The University of Kentucky’s various jazz bands have a distinctive musical swagger, offering explosive energy from their many horns and surprises at every turn, along with a zest for tongue-in-cheek material. These projects only reinforce that fact.
On the Road opens with eight tracks that the 2017 ensemble recorded in preparation for its appearance at the 50th annual Elmhurst College Jazz Festival. The other five were recorded just before the 2011 band went to Europe for Montreux and North Sea Jazz Festival appearances. The opener, “When Ya Gotta Go, Ya Gotta Go!,” is a tenor battle for saxophonists Jonathan Barrett and Angela Ortega, while Bill Holman’s “Film at Eleven” and Rick Hirsch’s “Metroliner” feature high energy and well-crafted delicacy. Matt Catingub’s “Blues and the Abcessed Tooth” provides more of the same, as well as a whimsical title. Subtleties abound on “Caravan,” featuring Ortega on vocals and graduate assistant Ian Cruz on clarinet. The session’s most intriguing moments come during Barrett’s extended bassoon solo on “The Peacocks” and Cruz’s EWI feature on his arrangement of Russell Ferrante’s vintage Yellowjackets tune “Goin’ Home.”
Classic and a few contemporary big-band charts dominate the 2011 tracks: Frank Foster’s “Blues in Hoss’ Flat,” Hirsch’s “Catch Me If You Can,” Gordon Goodwin’s strutting “The Phat Pack,” Holman’s “Any Dude’ll Do,” and Don Menza’s burning “Time Check.” “The Phat Pack” features contrasting sax solos from Dieter Rice on tenor and Cruz on baritone. Faculty member Raleigh Dailey wrote and plays guest piano on a mysterious gem called “Stalking the Dread Moray Eel.” Credit the rhythm section’s plodding pace if this one has you looking over your shoulder at times.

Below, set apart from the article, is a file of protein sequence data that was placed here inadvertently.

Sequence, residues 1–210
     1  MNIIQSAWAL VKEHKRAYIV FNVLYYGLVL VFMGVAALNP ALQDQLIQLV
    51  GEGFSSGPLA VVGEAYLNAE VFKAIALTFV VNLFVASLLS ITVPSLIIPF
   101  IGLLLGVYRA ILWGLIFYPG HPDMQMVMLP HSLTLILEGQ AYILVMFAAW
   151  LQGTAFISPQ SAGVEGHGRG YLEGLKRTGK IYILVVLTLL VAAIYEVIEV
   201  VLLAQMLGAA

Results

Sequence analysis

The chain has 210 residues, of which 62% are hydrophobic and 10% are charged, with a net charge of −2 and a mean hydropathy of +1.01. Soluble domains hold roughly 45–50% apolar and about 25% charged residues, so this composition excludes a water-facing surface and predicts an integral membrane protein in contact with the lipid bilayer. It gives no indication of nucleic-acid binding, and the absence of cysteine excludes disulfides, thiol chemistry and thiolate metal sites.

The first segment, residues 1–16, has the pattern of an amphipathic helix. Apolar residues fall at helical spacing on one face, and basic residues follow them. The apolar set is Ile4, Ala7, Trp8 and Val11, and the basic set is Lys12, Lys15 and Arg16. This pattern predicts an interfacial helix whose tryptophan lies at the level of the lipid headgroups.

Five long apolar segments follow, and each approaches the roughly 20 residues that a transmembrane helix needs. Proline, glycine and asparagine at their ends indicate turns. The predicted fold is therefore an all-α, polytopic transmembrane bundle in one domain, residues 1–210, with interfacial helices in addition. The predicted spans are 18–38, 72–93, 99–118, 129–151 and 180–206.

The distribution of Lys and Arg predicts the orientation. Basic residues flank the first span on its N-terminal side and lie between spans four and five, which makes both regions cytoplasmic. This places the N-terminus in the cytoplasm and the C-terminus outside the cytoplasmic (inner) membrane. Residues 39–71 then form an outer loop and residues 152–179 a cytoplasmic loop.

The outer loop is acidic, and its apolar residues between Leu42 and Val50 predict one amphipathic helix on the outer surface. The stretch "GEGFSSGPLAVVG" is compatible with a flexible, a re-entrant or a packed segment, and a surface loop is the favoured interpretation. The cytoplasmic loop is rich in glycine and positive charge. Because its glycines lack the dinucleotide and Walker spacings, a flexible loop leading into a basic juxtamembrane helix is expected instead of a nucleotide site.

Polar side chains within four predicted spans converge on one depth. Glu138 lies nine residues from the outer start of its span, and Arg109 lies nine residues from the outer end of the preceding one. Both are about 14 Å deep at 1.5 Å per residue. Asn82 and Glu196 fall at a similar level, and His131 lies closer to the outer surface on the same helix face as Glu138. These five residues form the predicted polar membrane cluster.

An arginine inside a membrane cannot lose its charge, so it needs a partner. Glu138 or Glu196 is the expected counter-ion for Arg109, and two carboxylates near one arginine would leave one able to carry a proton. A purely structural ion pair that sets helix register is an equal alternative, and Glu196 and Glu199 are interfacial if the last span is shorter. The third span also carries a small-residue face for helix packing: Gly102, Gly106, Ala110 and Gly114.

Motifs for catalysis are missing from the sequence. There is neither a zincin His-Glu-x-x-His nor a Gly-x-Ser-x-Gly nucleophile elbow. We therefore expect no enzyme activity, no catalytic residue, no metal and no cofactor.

Stinkin’ 3.0 is the third in a series of recordings by UK’s Mega-Sax ensembles, who were once told by a festival judge, “You guys don’t need no stinkin’ rhythm section,” hence the title—though the album could just as easily have been called The Joy of Sax, for that’s what emerges here on tracks featuring anywhere from four to nine saxophonists. Four cuts feature percussion, but the rest are all sax, with intricate arrangements and soulful solos. A quartet with Cruz (soprano and alto), Ortega (alto), Kirby Davis (tenor), and Jared Sells (baritone) is featured on a beautiful exploration of “Lush Life,” as well as Mike Mower’s “Ford Fiasco” and spirited “Kentucky Roastup”—Mower, who led the defunct sax quartet Itchy Fingers, has been a frequent contributor to UK jazz director Miles Osland’s Mega-Sax projects.
Guests Jeff Coffin, Jeff Driskill, and Tony Dagradi brought several original tunes for the Mega-Sax bands to explore. Coffin’s “Tall and Lanky”—arranged by Cruz, who earned his doctorate at UK last year and directed Mega-Sax 2—is a feature for Coffin (tenor) and Davis (alto). Driskill’s pieces include the laid-back “Blues and the Bent Side Key,” teasing “Straight Jacket,” and the premiere of his “A Change in the Gospel.” Dagradi’s “Sohana Sha Kirpal” is the session’s most robust track, with eight reed players and two percussionists supporting his plaintive tenor solo. He also contributed Stinkin’ 3.0’s up-tempo closer, “Sweet Faced Lie.”